Turkey Says Russian Plane Violated Its Airspace
January 30, 2016
Turkey says a Russian plane has again violated Turkey's airspace, two months after Turkey shot down a Russian warplane in a similar incident.
Turkish President Recep Tayyip Erdogan warned Russia on January 30 that it will 'be forced to endure the consequences' if it continues to violate Turkey's airspace.
Russia, however, dismissed the claim as 'baseless propaganda.'
Erdogan's comments came hours after Turkey's Foreign Ministry said the Russian SU-34 jet entered Turkey's airspace on January 29 despite warnings in both Russian and English.
The ministry said in a statement that it has summoned the Russian ambassador to 'strongly protest and condemn' the violation.
The ministry accused Russia of escalating tensions between the two countries.
'We are making a clear call to the Russian Federation not to violate Turkish airspace, which is also NATO airspace,' the statement said.
NATO Secretary-General Jens Stoltenberg called on Russia 'to act responsibly and to fully respect NATO airspace.'
Stoltenberg said in a statement on January 30 that 'Russia must take all necessary measures to ensure that such violations do not happen again.'
The military alliance 'stands in solidarity' with its NATO member Turkey, he added.
In Moscow, the Defense Ministry insisted that 'there has not been a single violation of Turkish airspace by Russian Air Force planes in Syria.'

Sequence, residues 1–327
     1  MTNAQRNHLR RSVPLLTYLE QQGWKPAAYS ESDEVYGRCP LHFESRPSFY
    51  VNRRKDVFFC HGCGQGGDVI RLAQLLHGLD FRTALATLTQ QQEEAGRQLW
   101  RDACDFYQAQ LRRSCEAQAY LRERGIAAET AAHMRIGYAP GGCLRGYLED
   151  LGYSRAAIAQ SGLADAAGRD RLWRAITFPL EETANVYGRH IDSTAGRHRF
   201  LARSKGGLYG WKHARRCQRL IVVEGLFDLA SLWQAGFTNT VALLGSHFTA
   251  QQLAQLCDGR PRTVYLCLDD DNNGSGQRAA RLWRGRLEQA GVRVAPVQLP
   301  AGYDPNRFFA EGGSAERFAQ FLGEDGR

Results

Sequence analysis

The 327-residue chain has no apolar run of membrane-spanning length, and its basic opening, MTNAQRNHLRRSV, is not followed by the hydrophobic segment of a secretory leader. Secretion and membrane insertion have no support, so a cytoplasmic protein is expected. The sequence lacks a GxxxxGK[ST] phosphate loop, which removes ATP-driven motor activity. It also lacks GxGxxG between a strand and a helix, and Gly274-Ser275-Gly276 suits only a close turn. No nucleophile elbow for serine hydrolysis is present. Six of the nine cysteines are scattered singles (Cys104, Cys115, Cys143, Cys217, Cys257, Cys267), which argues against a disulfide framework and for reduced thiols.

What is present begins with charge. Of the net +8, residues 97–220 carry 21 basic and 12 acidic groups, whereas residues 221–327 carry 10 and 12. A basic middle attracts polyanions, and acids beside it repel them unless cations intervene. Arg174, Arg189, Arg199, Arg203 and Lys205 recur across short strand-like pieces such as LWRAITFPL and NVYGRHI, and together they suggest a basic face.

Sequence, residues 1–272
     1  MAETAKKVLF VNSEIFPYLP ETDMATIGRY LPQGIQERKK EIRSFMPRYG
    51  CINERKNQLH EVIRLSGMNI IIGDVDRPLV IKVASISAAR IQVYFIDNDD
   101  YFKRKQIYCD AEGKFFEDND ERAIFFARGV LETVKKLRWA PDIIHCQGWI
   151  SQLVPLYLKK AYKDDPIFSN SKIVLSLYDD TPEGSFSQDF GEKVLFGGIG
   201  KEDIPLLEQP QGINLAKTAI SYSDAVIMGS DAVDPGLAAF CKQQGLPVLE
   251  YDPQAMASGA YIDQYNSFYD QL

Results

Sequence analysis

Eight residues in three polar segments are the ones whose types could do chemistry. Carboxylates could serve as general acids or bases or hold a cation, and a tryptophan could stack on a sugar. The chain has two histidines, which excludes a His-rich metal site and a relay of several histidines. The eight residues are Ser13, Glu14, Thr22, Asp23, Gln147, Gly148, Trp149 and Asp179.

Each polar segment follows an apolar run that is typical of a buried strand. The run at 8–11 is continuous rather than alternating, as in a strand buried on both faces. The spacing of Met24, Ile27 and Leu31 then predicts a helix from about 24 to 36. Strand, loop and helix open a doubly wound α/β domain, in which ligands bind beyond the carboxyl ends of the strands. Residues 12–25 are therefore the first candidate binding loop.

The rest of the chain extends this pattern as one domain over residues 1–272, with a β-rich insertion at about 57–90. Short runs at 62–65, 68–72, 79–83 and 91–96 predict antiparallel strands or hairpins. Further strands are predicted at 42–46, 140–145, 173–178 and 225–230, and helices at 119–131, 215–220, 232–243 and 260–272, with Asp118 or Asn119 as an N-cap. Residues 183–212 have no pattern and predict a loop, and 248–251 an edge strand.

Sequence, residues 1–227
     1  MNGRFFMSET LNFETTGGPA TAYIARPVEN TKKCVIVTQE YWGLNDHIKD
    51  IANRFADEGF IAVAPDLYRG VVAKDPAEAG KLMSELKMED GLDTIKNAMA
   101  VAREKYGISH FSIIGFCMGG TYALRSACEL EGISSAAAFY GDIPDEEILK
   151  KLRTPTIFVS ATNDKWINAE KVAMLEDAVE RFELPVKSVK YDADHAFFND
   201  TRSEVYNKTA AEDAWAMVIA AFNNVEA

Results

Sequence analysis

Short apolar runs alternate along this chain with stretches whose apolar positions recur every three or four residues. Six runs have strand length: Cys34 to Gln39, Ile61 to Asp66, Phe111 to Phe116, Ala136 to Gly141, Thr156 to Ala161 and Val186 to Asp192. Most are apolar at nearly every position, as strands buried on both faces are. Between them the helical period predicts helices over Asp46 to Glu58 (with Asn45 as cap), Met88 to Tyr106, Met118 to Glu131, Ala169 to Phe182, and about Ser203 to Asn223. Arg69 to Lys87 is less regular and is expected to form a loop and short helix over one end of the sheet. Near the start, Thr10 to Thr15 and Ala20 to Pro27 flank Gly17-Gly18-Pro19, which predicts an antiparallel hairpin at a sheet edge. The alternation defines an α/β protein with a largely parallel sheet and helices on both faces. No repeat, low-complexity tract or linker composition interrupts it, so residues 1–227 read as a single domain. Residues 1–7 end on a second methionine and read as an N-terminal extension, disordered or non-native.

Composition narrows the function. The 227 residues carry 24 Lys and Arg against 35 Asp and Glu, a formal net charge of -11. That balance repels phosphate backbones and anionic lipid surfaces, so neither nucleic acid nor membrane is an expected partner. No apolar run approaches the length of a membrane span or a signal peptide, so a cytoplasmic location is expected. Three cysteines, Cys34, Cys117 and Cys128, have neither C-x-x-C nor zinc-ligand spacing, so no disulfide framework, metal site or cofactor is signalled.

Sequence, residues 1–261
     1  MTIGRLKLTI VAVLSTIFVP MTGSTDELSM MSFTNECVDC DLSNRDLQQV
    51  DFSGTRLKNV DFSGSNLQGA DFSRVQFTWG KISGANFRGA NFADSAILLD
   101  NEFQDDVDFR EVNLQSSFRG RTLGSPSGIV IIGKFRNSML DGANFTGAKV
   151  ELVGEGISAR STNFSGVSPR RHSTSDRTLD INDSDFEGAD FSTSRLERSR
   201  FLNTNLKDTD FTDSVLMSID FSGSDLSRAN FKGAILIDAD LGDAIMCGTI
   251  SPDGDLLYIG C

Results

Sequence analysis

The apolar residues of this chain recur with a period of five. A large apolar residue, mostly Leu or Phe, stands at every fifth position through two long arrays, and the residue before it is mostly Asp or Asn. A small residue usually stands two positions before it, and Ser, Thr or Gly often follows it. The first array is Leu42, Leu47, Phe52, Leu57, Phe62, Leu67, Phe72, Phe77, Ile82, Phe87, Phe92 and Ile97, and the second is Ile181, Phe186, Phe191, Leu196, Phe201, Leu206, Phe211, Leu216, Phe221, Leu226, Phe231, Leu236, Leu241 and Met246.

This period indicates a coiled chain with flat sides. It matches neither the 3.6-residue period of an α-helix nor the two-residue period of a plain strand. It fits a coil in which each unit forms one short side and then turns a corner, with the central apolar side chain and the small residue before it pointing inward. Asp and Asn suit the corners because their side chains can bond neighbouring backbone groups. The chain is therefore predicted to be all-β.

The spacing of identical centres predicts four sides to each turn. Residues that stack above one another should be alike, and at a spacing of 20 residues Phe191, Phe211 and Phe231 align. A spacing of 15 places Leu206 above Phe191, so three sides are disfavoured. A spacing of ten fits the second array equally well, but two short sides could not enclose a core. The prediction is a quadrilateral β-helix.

'The Turkish declarations concerning the alleged violation of its airspace by a Russian Su-34 are baseless propaganda,' ministry spokesman Igor Konashenkov told Russian news agencies on January 30.
Tensions have been high between Ankara and Moscow since Turkey's downing of the Russian Su-24 bomber near the border with Syria on November 24, saying it violated Turkish airspace for 17 seconds despite repeated warnings.
Russia insists the plane never entered Turkish airspace. One pilot and a Russian marine of the rescue party were killed in the incident.
Russia has since imposed economic sanctions on Turkey, hitting its tourism and exports.
Last September Russia began airstrikes in Syria against forces fighting troops loyal to Syria's embattled President Bashar al-Assad. Turkey is a vocal critic of Assad.
With reporting by AP, AFP, Reuters, and the BBC
Copyright (c) 2016. RFE/RL, Inc. Reprinted with the permission of Radio Free Europe/Radio Liberty, 1201 Connecticut Ave., N.W. Washington DC 20036.
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